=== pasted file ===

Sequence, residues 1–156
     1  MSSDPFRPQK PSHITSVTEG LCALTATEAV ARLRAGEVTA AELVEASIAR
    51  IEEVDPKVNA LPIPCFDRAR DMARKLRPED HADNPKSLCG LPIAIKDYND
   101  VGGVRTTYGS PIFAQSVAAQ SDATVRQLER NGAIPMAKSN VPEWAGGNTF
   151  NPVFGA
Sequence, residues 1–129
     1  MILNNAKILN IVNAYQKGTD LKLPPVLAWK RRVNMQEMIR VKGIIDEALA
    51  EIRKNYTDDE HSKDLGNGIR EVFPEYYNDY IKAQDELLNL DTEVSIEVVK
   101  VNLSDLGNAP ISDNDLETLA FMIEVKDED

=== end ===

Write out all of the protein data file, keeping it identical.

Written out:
Sequence, residues 1–156
     1  MSSDPFRPQK PSHITSVTEG LCALTATEAV ARLRAGEVTA AELVEASIAR
    51  IEEVDPKVNA LPIPCFDRAR DMARKLRPED HADNPKSLCG LPIAIKDYND
   101  VGGVRTTYGS PIFAQSVAAQ SDATVRQLER NGAIPMAKSN VPEWAGGNTF
   151  NPVFGA
Sequence, residues 1–129
     1  MILNNAKILN IVNAYQKGTD LKLPPVLAWK RRVNMQEMIR VKGIIDEALA
    51  EIRKNYTDDE HSKDLGNGIR EVFPEYYNDY IKAQDELLNL DTEVSIEVVK
   101  VNLSDLGNAP ISDNDLETLA FMIEVKDED